Sat, Oct 15, 2005 - Page 19 News List

Drug testing in NFL appears to be working well


Miami Dolphins running back Ricky Williams returns tomorrow after a four-game suspension for violating the National Football League's substance-abuse policy, the latest of several cases involving the NFL that raise questions for all sports about what drug testing can reasonably be expected to accomplish.

While Congress has heavily criticized Major League Baseball for its drug-testing policy, those same lawmakers have praised the NFL, whose program is regarded by drug experts as the best among professional sports leagues in the US.

Still, about seven players a year fail the NFL steroids test, a number that is comparable to the 10 players who failed baseball's steroids test in the first year of its new drug-testing policy.

This season, the rookie fullback Rick Razzano of Tampa Bay was suspended for four games for failing a steroids test, and Vikings running back Onterrio Smith was suspended for a year after he was caught with a Whizzinator, a mechanism designed to subvert urine tests.

The NFL also investigated three players -- center Jeff Mitchell of Carolina, tackle Todd Steussie of Tampa Bay and punter Todd Sauerbrun of Denver -- after CBS News reported in March that they had filled prescriptions for steroids that were written by a doctor in South Carolina who has been indicted on federal charges. None of the three tested positive under the NFL's program, and the players have not been suspended, but they will be subject to an increased number of random tests in the coming years. All three players were playing for the Panthers when they saw the doctor.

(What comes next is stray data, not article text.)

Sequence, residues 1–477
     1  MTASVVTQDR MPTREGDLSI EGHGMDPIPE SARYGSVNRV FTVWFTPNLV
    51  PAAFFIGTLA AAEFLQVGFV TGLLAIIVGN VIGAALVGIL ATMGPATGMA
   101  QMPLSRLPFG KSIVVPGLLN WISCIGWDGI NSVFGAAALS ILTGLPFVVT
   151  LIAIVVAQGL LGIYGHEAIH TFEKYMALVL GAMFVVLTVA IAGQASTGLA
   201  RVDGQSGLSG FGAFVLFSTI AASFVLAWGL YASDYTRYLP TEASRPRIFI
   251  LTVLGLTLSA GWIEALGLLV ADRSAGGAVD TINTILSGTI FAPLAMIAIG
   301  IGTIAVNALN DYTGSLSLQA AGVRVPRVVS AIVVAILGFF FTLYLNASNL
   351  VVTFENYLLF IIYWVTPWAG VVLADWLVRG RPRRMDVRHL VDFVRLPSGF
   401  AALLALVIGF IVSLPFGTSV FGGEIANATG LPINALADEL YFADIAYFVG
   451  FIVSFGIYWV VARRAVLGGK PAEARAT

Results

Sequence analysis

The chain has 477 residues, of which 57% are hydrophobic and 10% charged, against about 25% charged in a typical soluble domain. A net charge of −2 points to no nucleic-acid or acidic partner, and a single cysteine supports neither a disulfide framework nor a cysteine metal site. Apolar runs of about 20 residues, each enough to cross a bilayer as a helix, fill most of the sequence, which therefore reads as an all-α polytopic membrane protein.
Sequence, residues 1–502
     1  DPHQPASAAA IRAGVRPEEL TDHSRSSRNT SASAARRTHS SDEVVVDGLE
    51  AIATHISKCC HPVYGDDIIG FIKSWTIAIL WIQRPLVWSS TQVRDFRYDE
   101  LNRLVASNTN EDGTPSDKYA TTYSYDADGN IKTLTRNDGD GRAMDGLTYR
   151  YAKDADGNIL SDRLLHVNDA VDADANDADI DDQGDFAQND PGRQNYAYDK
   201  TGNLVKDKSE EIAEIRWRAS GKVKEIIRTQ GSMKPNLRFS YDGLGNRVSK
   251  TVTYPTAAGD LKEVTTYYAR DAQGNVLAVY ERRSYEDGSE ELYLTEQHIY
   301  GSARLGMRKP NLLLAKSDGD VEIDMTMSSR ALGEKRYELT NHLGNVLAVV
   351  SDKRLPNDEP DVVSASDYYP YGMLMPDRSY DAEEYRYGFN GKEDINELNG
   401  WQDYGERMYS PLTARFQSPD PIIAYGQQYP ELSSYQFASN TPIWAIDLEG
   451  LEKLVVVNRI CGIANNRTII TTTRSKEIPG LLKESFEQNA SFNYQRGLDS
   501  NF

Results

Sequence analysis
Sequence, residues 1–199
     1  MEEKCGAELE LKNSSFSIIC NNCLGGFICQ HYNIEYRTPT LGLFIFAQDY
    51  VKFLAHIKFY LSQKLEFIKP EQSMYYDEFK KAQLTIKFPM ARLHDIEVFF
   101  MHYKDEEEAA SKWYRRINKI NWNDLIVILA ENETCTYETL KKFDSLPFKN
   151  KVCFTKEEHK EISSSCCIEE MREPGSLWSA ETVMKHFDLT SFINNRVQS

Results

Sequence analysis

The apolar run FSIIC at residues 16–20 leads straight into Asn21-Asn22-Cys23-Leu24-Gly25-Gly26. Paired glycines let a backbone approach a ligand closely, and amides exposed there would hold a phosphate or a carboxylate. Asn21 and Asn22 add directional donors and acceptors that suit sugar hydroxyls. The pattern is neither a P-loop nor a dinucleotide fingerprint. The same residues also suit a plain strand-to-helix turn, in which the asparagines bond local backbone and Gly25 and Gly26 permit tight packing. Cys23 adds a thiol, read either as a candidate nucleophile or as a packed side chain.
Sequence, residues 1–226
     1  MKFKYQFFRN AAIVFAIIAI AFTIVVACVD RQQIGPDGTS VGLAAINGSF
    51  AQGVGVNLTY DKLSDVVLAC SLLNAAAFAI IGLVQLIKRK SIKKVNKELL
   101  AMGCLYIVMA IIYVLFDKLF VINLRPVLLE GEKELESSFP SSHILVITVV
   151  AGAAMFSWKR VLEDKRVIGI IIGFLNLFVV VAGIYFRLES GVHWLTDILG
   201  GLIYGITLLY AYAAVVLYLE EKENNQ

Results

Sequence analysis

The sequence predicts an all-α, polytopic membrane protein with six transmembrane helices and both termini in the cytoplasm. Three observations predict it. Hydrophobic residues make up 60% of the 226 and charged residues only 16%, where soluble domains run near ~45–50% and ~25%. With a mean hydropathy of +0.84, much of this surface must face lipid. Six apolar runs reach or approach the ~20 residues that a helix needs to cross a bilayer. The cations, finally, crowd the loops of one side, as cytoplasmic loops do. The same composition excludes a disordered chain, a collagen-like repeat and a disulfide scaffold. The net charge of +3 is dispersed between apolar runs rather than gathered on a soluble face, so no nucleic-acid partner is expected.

On Thursday, the Web site for "60 Minutes" reported that Bill Romanowski, a former linebacker for the Broncos, admitted in an interview to be broadcast Sunday that he took steroids from spring 2001 until fall 2003, and that he got them from Victor Conte, founder of the Bay Area Laboratory Co-Operative.

"I think the fact that we still have some positives, in some ways I think that is sort of an inevitable reality," said the NFL's executive vice president, Jeff Pash, in a recent interview. "There will be some people who will try to get an edge. But the fact that we have some positives I think suggests that it is quite difficult to get that edge and that the odds are that those efforts will be detected.

"I'm not so naive as to say that we will get to the point where there is complete absence of any illegal substances."

The NFL has twin programs. One tests for performance-enhancing drugs, like steroids, and one tests for substance-abuse drugs, like marijuana and cocaine.

Since testing began in 1989, 57 players have been suspended for steroids, and there have been 60 more positive tests -- many in training camp -- on players who either retired or were released before their suspensions were announced. That is a total of 117 positive steroid tests in 16 years, or about seven a year. There have been just two repeat positives by an individual player in the steroids program. The policy currently calls for a player to be suspended four games for a first positive test for steroids.

The NFL recently lowered the threshold for the level of steroid necessary to trigger a positive test. Had the threshold been lowered earlier, more players taking small amounts of steroids might have been caught.

"It's clear that the program is adaptable to deal with changing circumstances," said Doug Allen, the assistant executive director of the NFL Players Association. "This is an arms race, and it's never going to be over. Testers are always going to be sprinting to catch up to those that would avoid and evade testing. That's a given."

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